The Ruby wrapper allows you to seamlessly interface with the Cloudimage API.
Add this line to your application's Gemfile:
And then execute:
$ bundle install
Or install it yourself as:
$ gem install cloudimage
The only requirement to get started is your customer token. You can find it within your Admin interface.
In order to interact with Cloudimage, we'll first initialize a client service object:
client = Cloudimage::Client.new(token: 'mysecrettoken')
The Cloudimage client accepts the following options:
The calling path on the client object returns an instance of Cloudimage::URI. It accepts the path to the image as a string and we we will use it to build Cloudimage URLs.
uri = client.path('/assets/image.png')
Here are some common approaches for constructing Cloudimage URLs using this gem:
Hash of params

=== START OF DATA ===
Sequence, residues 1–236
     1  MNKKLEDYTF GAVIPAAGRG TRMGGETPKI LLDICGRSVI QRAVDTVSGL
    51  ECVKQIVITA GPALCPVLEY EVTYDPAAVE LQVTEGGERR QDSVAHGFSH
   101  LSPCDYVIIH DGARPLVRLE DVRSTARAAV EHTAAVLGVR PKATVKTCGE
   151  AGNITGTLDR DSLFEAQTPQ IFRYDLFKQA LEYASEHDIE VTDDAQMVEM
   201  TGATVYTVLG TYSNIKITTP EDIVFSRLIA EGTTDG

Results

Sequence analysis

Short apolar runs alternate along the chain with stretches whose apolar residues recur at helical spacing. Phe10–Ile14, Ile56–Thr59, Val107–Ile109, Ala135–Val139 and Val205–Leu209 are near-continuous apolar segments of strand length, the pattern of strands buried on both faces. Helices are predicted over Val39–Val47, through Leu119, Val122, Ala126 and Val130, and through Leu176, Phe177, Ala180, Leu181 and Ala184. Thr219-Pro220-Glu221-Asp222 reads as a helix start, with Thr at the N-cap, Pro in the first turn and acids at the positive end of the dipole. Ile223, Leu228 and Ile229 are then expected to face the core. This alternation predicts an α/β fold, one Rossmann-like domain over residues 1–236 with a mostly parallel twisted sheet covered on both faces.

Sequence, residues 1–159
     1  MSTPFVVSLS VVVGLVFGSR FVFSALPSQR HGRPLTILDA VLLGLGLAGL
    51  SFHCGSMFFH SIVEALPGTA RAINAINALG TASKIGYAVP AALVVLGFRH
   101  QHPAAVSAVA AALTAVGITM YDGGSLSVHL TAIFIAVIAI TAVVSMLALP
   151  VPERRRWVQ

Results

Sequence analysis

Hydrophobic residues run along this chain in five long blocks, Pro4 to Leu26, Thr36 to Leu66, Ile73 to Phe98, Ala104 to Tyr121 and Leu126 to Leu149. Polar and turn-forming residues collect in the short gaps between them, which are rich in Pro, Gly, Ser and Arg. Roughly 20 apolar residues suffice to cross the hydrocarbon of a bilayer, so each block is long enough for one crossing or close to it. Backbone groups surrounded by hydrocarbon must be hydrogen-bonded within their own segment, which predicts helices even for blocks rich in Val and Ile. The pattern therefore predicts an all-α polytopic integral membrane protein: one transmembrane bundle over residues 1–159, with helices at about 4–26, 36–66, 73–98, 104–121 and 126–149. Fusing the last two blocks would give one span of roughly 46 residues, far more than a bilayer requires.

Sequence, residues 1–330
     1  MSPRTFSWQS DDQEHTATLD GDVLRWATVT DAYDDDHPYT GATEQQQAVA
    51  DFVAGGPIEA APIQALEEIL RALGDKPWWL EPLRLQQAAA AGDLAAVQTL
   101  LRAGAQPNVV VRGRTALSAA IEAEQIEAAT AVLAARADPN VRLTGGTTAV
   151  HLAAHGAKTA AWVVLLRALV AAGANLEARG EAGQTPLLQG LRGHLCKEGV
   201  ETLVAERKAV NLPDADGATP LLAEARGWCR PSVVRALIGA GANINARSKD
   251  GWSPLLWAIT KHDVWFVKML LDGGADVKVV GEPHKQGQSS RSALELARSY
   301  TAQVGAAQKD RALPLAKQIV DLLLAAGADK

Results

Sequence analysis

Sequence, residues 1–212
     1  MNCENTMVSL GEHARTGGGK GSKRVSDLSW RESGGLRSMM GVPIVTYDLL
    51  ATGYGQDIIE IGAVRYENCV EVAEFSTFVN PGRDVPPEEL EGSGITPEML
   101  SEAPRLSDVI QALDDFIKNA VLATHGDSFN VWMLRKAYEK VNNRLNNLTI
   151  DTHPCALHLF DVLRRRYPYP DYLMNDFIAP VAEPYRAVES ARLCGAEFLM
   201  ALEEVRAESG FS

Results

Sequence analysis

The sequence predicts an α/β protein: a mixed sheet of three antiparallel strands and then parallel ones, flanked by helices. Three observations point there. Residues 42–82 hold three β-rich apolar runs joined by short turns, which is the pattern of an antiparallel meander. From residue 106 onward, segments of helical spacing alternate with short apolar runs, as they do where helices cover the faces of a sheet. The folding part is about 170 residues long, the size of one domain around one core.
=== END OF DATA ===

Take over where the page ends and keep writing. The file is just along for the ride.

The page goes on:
Pass a hash to
to_url. Every key becomes a param in the final Cloudimage URL so this gives you the freedom to pass arbitrary params if need be.
uri.to_url(w: 200, h: 400, sharp: 1, gravity: 'west', ci_info: 1)
# => "https://mysecrettoken.cloudimg.io/assets/image.png?ci_info=1&gravity=west&h=400&sharp=1&w=200"
Every param supported by Cloudimage can be used as a helper method.
# => "https://mysecrettoken.cloudimg.io/assets/image.png?gravity=west&h=400&w=200"
While every key passed into the
to_urlmethod gets appended to the URL, chainable helper methods will throw a
NoMethodErrorwhen using an unsupported method.
# NoMethodError (undefined method `height' for #<Cloudimage::URI:0x00007fae461c42a0>)
This is useful for catching typos and identifying deprecated methods in case Cloudimage's API changes.
The gem comes with a handful of useful aliases. Consult the Cloudimage::Params module for their full list.
# => "https://mysecrettoken.cloudimg.io/assets/image.png?ci_info=1&org_if_sml=1"
From the example above you can see that parameters that only serve as a flag don't need to accept arguments and will be translated into
param=1within the final URL.